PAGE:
About: Kevin Rice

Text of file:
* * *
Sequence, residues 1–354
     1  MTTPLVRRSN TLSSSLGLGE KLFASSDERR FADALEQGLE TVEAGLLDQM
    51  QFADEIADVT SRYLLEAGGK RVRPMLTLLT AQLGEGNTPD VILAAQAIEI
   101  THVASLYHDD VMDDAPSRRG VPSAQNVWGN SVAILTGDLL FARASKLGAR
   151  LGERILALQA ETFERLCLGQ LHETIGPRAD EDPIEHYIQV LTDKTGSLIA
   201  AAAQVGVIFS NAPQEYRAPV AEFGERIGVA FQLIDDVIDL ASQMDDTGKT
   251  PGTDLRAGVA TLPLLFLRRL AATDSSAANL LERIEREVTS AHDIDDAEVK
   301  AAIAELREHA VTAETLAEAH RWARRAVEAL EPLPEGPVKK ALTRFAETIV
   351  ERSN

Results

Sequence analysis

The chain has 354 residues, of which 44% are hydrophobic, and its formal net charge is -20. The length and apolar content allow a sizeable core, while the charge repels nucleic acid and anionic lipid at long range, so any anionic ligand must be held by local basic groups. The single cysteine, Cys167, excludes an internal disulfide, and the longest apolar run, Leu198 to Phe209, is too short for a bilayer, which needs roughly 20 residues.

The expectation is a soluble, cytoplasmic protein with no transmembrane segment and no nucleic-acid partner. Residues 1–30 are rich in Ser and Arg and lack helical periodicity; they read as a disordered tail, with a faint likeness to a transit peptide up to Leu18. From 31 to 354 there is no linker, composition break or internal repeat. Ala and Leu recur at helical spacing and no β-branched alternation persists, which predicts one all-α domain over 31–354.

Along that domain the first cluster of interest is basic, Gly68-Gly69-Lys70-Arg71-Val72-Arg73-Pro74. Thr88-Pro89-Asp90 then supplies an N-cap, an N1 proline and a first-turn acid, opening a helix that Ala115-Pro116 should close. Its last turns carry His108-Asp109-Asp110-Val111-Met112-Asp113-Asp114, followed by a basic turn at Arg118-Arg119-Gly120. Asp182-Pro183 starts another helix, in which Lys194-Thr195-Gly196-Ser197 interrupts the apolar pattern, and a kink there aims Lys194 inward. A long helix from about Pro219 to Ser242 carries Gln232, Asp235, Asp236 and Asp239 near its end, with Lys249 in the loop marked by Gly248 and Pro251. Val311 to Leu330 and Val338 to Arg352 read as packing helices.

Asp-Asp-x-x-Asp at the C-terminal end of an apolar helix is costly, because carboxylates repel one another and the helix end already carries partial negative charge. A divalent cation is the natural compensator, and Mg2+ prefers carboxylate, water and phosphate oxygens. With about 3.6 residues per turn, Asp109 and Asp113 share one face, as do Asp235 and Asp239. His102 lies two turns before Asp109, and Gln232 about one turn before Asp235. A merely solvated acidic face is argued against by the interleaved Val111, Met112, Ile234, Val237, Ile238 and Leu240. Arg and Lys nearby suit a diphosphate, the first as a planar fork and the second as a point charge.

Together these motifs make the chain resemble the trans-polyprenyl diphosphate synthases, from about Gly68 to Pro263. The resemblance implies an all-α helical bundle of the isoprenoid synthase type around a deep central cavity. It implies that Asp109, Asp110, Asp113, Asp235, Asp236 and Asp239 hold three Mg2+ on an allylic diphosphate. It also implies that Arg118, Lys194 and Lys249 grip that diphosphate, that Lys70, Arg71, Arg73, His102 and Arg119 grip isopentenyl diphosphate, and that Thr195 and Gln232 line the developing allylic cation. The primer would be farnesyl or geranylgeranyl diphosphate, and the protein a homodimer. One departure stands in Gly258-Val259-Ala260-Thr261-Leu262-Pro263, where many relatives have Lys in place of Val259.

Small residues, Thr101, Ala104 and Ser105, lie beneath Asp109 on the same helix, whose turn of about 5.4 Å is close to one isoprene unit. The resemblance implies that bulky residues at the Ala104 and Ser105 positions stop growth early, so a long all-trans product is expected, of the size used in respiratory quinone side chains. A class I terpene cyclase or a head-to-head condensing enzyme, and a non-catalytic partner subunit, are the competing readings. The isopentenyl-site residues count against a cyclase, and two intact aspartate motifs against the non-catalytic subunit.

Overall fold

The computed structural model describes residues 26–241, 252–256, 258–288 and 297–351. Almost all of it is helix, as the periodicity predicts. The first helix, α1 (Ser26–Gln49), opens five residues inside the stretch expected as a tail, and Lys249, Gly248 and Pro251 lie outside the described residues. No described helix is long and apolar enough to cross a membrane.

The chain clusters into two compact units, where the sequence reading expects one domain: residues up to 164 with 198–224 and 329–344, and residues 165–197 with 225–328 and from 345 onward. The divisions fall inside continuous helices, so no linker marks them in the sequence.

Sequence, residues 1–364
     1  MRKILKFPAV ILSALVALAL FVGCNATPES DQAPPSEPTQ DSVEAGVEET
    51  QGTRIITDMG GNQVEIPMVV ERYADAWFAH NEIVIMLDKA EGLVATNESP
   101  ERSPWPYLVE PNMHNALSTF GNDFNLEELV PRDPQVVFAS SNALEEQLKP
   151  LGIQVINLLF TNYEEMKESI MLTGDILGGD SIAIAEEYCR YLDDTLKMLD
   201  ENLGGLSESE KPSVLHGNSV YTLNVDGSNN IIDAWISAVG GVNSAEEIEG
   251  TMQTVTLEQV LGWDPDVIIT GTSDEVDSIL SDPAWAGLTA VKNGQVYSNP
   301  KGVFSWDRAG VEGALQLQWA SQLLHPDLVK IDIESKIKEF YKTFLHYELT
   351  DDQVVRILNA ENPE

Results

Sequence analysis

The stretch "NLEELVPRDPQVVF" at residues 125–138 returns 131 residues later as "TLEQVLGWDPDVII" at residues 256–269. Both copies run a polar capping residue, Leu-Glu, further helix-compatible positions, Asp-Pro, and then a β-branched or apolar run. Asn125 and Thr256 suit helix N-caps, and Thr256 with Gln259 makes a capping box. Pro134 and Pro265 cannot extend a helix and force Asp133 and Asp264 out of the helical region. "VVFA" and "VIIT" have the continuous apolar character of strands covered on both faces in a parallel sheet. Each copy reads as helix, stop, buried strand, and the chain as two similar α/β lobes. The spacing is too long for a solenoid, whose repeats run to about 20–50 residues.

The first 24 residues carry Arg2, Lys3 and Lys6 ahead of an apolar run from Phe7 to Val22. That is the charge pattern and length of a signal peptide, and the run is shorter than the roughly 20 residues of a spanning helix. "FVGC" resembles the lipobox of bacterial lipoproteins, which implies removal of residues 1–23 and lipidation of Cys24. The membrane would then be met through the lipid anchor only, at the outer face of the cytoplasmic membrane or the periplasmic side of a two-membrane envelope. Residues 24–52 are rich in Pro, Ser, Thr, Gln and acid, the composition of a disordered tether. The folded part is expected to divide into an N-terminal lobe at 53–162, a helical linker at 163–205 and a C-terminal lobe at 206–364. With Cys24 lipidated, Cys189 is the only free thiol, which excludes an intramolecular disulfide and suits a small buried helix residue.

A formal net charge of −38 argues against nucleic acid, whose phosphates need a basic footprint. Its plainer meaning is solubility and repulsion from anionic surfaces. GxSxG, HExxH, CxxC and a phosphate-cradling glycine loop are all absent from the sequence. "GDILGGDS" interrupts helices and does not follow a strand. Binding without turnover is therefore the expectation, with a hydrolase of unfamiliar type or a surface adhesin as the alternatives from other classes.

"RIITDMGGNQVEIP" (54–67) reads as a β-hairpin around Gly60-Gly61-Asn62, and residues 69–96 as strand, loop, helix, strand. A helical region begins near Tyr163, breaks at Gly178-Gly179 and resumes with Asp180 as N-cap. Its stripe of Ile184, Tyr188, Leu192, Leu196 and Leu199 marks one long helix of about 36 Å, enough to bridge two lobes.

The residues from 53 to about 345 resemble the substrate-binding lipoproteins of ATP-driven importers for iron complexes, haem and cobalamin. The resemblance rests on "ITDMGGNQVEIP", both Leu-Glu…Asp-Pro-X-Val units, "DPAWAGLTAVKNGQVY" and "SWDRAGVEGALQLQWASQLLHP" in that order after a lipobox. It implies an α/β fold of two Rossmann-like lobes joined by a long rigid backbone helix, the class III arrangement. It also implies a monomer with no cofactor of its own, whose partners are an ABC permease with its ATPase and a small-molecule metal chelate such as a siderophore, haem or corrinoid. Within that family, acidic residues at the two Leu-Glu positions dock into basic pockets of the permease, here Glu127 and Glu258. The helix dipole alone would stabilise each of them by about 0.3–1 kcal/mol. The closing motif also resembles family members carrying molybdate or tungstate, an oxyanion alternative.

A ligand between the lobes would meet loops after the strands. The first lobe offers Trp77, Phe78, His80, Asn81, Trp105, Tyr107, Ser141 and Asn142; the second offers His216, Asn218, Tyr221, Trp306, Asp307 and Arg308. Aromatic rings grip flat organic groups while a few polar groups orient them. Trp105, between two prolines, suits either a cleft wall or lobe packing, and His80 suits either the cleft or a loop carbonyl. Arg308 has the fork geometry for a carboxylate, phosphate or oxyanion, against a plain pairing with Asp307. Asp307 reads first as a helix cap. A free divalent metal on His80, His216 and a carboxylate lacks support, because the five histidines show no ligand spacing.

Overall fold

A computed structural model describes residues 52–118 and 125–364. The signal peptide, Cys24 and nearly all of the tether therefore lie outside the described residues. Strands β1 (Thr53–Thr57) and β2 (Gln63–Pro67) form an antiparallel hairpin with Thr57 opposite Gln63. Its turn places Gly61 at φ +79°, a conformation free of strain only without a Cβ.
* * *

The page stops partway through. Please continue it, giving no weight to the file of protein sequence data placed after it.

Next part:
- Married Catholic professional in the field of Intellectual Disabilities Support with an academic background in philosophy (B.A. from Stony Brook University, ABT (All But Thesis) in the MA Philosophy program at Franciscan University of Steubenville with emphases in Existentialism [Kierkegaard, Marcel, Sartre, Heidegger, Neitzsche], Existential Thomism [W. Norris Clarke, Maritain, Gilson], Phenomenological Personalism [Wojtyla, Mounier, John Crosby] and Natural Law Ethics [Finnis]. Favorite thinkers: St. Thomas Aquinas, St. Augustine, Aristotle and Plato. Strictly amateur lay theologian and apologist, entirely self-trained, favoring an Old School exegetical approach to scripture and tradition, disdainful of modern hermeneutical approaches [e.g., the Documentary Hypothesis of the origin of the Pentateuch, Form Critical assumptions about the gospels, the Two Source theory Marcan Priority plus the mythical Q document (I much prefer the Greisbach view of traditional Matthean Priority, especially as developed by William Farmer and Dom Bernard Orchard, OSB)], faithful to the Pope and Magisterium, preferring the Tridentine Latin Mass to the Byzantine Rite liturgy, and the latter to the Novus Ordo Missae, but accepting of Vatican II reforms with some reservations about their prudential value. Sympathetic to Traditionalists, and hopeful about the new liturguical "reform of the reform". Politically I tend to favor traditional conservative and occasionally even libertarian ideas, and I believe in their compatibility with an Old School reading of Catholic Social Teaching (Free Market Dstributism emphasizing Rerum Novarum and reading later CST documents in the light of the Leo XIII encyclical on Capital and Labor, rather than the other way around). Favorite target of economic philosophical criticism: Karl Marx, especially his socially radical Dialectical Materialist acceptance of Adam Smith's labor theory of value. Favorite Distributist quote: "Too much capitalism does not mean too many capitalists, but too few capitalists." (G.K. Chesterton). Favorite Chesterton quote: "The riddles of God are more satisfying than the solutions of man."